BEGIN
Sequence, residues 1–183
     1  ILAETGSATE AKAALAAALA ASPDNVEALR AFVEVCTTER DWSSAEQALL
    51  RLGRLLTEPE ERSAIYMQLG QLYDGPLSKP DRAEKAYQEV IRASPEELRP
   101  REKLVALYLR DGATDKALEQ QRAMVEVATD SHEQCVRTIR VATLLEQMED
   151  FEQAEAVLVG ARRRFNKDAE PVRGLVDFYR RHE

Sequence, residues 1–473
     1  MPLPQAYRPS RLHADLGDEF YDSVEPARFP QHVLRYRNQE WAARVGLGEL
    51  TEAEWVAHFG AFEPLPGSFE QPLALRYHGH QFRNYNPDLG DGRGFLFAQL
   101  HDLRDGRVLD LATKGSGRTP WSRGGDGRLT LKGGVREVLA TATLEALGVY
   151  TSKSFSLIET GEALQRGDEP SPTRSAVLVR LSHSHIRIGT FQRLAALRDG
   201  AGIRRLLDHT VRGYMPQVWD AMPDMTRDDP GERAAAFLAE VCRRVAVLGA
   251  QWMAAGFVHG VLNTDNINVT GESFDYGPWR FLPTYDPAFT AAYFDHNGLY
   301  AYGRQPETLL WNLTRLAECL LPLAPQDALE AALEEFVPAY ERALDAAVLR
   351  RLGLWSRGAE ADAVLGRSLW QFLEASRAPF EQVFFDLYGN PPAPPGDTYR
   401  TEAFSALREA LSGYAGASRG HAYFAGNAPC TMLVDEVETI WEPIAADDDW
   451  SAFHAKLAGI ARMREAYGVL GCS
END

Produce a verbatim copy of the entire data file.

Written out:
Sequence, residues 1–183
     1  ILAETGSATE AKAALAAALA ASPDNVEALR AFVEVCTTER DWSSAEQALL
    51  RLGRLLTEPE ERSAIYMQLG QLYDGPLSKP DRAEKAYQEV IRASPEELRP
   101  REKLVALYLR DGATDKALEQ QRAMVEVATD SHEQCVRTIR VATLLEQMED
   151  FEQAEAVLVG ARRRFNKDAE PVRGLVDFYR RHE

Sequence, residues 1–473
     1  MPLPQAYRPS RLHADLGDEF YDSVEPARFP QHVLRYRNQE WAARVGLGEL
    51  TEAEWVAHFG AFEPLPGSFE QPLALRYHGH QFRNYNPDLG DGRGFLFAQL
   101  HDLRDGRVLD LATKGSGRTP WSRGGDGRLT LKGGVREVLA TATLEALGVY
   151  TSKSFSLIET GEALQRGDEP SPTRSAVLVR LSHSHIRIGT FQRLAALRDG
   201  AGIRRLLDHT VRGYMPQVWD AMPDMTRDDP GERAAAFLAE VCRRVAVLGA
   251  QWMAAGFVHG VLNTDNINVT GESFDYGPWR FLPTYDPAFT AAYFDHNGLY
   301  AYGRQPETLL WNLTRLAECL LPLAPQDALE AALEEFVPAY ERALDAAVLR
   351  RLGLWSRGAE ADAVLGRSLW QFLEASRAPF EQVFFDLYGN PPAPPGDTYR
   401  TEAFSALREA LSGYAGASRG HAYFAGNAPC TMLVDEVETI WEPIAADDDW
   451  SAFHAKLAGI ARMREAYGVL GCS